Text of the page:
• What problems are faced by the characters?
  • Can you compare this to real life/another story?
  • Can you say why the author chose that word?
  • What do you think the character is thinking at the moment?
  • What makes you say this?
  • What would you do in that situation?
  • Why?
  • Can you say what might happen next?
  • What made you think this?
  • Do you like this book?
  • Why/why not?
  • Do you think the ending was effective?
  • Why/why not?
  • How might you have changed it?
  • What is your opinion on…?
  • What makes you think this?
  • What might the main character have thought about/done in this situation?
  • Why?

British Moral Values in English

At Scissett Middle School we believe that education is a holistic process encompassing the whole child; our inherent ethos is dedicated to making every experience a learning or enriching one.  It is important that our pupils become valuable and fully rounded members of society who treat others with respect and tolerance, regardless of background or belief.

Our aim is for every member of our school to embrace and promote the fundamental human values of democracy, the rule of law, individual liberty, mutual respect and tolerance for those of different faiths and beliefs.

We expect all our children to understand the importance of these values and leave our school prepared for life in modern Britain.

Within the English Department, we believe that all we do is driven by cultural values and reflects the ever-changing world in which we live.  As such, we aim to select suitable high-quality literature and read, write and discuss about topics of local, national and global importance that shape our environment.  

Within the English curriculum, we explore these five strands in some of the following ways:


We use discursive and persuasive arguments to debate, discuss and examine the power of words (both written and spoken) and images to influence and change opinion.  For example, children may be asked to write a eulogy for the funeral of Macbeth in order to change opinions from negative to positive sourcing evidence from the text.  Also, the plot of Macbeth generates discussion on the allocation of blame and how guilt is perceived and responsibility defined.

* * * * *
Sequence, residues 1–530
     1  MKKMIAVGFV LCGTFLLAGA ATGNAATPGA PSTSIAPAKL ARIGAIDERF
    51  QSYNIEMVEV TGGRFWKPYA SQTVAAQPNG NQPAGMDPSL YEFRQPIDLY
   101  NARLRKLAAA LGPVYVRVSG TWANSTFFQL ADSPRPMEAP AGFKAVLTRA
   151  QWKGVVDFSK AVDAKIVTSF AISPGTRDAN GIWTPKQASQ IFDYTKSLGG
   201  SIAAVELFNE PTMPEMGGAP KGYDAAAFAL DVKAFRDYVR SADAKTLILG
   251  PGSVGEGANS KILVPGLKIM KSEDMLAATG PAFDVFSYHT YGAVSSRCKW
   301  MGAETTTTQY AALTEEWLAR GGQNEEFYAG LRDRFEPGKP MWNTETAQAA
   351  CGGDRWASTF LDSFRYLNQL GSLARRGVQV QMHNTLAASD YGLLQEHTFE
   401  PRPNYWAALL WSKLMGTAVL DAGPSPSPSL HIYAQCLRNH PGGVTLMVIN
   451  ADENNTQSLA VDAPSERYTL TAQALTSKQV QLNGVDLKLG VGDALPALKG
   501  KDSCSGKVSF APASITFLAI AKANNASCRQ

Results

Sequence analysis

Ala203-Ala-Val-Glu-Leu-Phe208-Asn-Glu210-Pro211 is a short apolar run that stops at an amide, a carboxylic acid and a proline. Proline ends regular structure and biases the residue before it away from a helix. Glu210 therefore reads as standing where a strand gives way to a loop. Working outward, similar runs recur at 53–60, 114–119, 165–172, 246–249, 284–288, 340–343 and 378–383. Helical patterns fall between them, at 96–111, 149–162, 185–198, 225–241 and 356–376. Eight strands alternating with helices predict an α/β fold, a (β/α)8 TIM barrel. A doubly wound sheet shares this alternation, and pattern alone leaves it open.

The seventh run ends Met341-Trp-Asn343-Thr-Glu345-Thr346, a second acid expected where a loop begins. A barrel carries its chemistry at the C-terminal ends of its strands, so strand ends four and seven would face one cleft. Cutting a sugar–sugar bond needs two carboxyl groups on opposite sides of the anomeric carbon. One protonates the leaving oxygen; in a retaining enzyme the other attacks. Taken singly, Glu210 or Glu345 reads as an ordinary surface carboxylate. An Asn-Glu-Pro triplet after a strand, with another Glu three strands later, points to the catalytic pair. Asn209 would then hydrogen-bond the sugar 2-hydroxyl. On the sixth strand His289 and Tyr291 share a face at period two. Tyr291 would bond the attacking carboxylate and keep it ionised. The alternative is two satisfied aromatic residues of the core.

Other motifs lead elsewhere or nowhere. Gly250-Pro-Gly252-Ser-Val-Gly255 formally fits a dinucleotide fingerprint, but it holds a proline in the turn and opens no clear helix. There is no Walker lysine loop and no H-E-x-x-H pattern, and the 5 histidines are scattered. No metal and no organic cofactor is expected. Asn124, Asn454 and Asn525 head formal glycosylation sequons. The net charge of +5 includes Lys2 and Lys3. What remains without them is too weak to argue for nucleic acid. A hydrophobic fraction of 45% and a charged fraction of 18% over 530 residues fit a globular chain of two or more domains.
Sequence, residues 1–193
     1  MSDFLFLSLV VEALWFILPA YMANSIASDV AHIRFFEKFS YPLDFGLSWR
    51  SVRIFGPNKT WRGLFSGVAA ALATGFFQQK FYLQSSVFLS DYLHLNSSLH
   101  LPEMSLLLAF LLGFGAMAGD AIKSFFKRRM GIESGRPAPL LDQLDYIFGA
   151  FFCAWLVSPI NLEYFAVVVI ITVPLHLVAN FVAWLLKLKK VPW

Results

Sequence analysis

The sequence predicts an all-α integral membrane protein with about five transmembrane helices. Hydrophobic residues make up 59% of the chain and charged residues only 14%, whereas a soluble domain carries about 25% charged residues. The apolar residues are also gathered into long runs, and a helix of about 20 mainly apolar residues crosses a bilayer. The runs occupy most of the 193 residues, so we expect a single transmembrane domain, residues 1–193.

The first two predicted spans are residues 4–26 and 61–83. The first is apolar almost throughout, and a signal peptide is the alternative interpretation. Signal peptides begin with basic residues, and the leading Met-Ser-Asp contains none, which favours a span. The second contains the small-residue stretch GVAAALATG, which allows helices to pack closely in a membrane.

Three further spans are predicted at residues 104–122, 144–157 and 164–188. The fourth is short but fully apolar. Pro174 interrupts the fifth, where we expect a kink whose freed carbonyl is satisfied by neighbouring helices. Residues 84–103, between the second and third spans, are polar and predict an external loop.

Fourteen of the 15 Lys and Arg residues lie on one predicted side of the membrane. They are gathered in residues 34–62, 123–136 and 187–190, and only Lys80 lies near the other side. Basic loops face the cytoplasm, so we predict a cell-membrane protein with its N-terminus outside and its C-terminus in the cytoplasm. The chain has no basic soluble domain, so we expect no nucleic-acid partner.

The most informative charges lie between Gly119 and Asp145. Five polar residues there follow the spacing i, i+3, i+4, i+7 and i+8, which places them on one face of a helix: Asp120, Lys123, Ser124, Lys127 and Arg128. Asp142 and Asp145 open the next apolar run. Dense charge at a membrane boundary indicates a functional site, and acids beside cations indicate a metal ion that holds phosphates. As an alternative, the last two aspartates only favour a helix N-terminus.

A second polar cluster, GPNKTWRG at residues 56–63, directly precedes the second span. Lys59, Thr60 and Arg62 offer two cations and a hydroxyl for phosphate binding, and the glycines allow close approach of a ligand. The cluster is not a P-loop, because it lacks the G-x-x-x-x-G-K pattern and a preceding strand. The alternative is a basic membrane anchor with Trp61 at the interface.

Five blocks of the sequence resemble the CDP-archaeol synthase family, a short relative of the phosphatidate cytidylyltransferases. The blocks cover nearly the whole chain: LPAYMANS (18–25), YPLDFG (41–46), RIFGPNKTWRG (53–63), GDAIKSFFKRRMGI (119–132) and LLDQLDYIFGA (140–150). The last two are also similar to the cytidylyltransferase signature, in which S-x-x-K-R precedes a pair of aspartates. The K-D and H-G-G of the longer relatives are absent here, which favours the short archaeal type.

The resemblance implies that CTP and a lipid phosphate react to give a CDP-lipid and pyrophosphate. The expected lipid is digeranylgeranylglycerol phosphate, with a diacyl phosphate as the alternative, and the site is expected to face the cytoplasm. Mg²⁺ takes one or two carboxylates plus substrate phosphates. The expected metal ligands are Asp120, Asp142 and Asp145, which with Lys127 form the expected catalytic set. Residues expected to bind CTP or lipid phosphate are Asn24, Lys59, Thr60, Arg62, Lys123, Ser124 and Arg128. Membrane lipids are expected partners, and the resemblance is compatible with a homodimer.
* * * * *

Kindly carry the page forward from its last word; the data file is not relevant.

The rule of law

Through discussion and examination of selected texts, pupils will gain a greater understanding of the law, past and present.  Pupils may examine arguments for and against capital punishment or animal rights issues and compare and contrast laws that differ between countries.  Additionally, literature may be studied that gives rise to similar discussion, for example, should the key character, George from the novel Mice and Men by John Steinbeck, be imprisoned for the shooting of Lennie or could it be considered an act of compassion.  Also, in the book, Once, the overarching theme of the book is the persecution of the Jews during the Holocaust, which questions the rule of law within wartime.

Individual liberty

Students are encouraged to explore and discuss texts which examine individual liberty and the right to hold personal beliefs and opinions.  For instance, war poetry is studied in depth and the civil liberties of those involved in conflicts around the world, past and present, are also explored.  Another example is the use of the book Once, by Morris Gleitzman, which has an overarching theme of the Holocaust, where the treatment of the Jewish people is discussed.

Mutual respect

Pupils are taught to respect the cultures and beliefs of others through the media of poetry, narrative, journalism and other text types.  They are taught and encouraged to think and write with empathy and recognise that behaviour has its consequences.  It is crucial, also, in speaking and listening exercises that children learn to listen and respond appropriately and respectfully and expect this in return.

Tolerance of those of different faiths and beliefs

Tolerance is promoted by the varied text types selected.  Acceptance of others is fundamental to being able to empathise, which is a key skill of English.  Poetry from other cultures examines a number of issues of tolerance and Holocaust writings also generate discussion on the importance of being tolerant.  Historical themes, such as witchcraft and slavery, are also examined and the treatment of significant historical figures, such as Nelson Mandela, may be studied as biography.

‘It is impossible to teach English without constant reference, implicit or explicit, to the values embedded in language and literary culture.  NATE (National Association for the Teaching of English) believes that the subject should be seen not merely in instrumental terms but as a cultural study in which questions of values are constantly brought into focus for open discussion by reference, both to the enduring texts of literature, and to the emerging texts of contemporary media.’

Tom Rank, for NATE, 4 February 2015